Ach- I too am hoping the truck will turn off or run out of fuell!

  4. I always hoped that when I ‘get something’ it will be senile dementia, that I’ll be completely unaware and very funny, so I can leave a little happiness (aka laughter AT me) before I go.

    But we don’t always get what we want. Push on, hang in there, and keep your pecker up. Not that you have one. So maybe that should be ‘keep your sumptuous bosoms up”. 🙂

  5. Oh Tanv I’m so sorry. After all these years of the condition setting in so slowly it must be such a shock to have this sudden turn for the worse.

    But if and when the last bit of vision vanishes at least you’ll have the comfort of knowing that you held it back for so long because… of your positive attitude. I believe it’s because of the way you make full use of what’s left that you’ve managed to baffle the doctors in the past.

    Hope I haven’t been insensitive here. Sending you a big hug C x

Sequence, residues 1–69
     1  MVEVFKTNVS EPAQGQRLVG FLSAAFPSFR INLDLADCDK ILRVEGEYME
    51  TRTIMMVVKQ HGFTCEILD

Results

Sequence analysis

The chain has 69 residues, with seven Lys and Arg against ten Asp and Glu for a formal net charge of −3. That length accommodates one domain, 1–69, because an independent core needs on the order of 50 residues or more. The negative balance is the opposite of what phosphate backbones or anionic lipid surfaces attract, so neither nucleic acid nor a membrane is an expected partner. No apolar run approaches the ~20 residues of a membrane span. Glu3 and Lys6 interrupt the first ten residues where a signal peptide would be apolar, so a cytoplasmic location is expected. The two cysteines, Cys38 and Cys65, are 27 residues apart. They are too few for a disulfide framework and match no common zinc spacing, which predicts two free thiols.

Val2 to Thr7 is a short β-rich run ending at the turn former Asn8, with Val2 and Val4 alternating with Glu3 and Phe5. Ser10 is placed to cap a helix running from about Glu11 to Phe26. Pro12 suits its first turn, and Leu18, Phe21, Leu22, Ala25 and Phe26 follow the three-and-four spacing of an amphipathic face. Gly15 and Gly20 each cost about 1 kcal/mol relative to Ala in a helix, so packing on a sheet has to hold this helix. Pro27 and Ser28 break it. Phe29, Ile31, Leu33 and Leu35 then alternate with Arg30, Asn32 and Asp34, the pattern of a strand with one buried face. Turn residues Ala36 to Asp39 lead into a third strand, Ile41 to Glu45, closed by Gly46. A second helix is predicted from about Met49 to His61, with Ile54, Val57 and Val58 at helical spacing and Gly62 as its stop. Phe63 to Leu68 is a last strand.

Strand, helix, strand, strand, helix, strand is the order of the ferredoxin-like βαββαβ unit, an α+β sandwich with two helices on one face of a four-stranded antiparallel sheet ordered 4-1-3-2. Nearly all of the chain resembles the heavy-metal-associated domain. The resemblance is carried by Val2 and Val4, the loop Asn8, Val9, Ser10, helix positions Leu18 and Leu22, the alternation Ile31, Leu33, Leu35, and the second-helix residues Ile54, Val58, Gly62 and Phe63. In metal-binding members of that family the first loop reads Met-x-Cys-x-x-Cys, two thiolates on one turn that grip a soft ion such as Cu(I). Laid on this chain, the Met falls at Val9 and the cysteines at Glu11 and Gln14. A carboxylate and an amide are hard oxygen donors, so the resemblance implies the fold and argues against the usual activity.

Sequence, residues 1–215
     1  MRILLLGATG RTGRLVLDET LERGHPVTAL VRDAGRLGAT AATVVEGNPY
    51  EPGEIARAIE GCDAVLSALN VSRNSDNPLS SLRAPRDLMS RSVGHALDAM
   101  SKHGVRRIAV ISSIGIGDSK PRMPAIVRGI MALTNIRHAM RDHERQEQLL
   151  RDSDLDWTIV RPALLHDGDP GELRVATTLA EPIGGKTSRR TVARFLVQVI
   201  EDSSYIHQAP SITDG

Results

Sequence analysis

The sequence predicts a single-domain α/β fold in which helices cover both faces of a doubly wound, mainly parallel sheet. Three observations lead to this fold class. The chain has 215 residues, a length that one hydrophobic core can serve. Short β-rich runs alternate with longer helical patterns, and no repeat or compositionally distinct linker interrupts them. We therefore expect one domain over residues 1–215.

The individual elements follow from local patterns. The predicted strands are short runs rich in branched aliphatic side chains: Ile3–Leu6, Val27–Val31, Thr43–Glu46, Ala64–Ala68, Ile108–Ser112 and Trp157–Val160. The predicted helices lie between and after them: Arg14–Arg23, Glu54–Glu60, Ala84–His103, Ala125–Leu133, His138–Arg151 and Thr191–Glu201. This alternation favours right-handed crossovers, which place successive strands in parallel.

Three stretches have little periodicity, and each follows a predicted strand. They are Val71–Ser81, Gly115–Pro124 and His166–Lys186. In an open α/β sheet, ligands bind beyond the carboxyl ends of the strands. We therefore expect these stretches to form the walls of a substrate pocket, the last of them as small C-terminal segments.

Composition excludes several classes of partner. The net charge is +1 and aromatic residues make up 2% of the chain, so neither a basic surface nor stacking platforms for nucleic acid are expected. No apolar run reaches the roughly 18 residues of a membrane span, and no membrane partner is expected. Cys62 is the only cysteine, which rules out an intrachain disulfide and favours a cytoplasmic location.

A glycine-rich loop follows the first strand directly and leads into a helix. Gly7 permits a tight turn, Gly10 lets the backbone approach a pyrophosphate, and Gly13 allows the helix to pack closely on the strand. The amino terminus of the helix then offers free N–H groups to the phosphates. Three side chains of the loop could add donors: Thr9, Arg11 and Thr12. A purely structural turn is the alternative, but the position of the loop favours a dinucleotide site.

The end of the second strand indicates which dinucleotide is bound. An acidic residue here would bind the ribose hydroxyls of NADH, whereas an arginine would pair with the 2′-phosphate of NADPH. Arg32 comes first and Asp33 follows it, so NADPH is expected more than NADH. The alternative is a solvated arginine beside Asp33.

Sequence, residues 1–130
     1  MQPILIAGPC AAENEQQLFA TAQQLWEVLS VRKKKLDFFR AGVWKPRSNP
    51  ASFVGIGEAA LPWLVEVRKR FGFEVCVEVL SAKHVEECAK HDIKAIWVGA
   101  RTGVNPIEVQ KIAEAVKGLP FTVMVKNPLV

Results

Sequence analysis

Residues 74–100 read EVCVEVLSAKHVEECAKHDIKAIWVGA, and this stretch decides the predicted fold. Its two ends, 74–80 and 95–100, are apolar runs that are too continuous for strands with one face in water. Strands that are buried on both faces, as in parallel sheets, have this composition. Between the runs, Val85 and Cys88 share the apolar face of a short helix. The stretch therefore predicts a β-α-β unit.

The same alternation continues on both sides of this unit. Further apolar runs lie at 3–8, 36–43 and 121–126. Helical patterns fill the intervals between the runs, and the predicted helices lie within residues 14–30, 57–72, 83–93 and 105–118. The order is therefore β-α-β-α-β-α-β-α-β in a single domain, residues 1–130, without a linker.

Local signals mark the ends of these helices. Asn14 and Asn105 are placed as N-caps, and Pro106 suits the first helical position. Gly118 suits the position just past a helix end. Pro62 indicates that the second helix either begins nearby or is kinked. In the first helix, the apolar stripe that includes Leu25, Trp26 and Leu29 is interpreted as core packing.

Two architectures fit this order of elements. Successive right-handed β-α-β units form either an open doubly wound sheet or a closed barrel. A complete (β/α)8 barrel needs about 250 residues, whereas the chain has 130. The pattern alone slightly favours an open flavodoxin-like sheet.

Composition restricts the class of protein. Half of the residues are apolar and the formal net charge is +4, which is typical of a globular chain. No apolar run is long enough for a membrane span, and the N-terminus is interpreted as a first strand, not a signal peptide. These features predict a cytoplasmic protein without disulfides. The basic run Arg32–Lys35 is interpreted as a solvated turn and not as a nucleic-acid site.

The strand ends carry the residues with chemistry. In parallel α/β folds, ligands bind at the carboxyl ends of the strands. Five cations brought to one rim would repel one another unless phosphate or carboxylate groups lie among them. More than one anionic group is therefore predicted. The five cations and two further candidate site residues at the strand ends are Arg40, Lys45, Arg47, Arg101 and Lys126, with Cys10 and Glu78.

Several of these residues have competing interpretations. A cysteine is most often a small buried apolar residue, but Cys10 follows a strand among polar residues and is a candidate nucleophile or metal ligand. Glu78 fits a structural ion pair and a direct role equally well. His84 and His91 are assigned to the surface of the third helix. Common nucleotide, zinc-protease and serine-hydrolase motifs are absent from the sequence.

6. am hoping and praying that the truck runs out of fuel or reroutes. `your bravery and strength of character are inspiring, but still it must be very frightening. thanks for this blog – take care x

  7. My Dear T,

    When I read this, I wish I could reach out and stand in front of that truck to divert it. And I wish for you a million other things that are too much or too personal to write here.

    You are very much loved,

  8. I think you’re really smart to dress for these visits with the doctors.

    So sorry to hear that your vision is changing rapidly. Sending lots of good energy your way.

    Take good care.

  9. Hey whatever works. I hate doctors other than your pa my pa and ma and me of course.So actually I love doctors.

    I am so sorry that sucks. I wish I could stop you from loosing your site. I would if I could. I would slay a dragon if it would help. Would that help? I have my armor and trusty steed ready if it would.

  10. Dear Tanvi – gradually reading through your blog. So sorry about the losing of your sight. Your honest, eloquent expression of the emotional ups and downs are truly inspiring.

    Although, my disability is very different, your stories, particularly this one, somehow connect. Reading this, I feel, suddenly, less alien and separate. Thanks.

    And keep fixing those Martinis!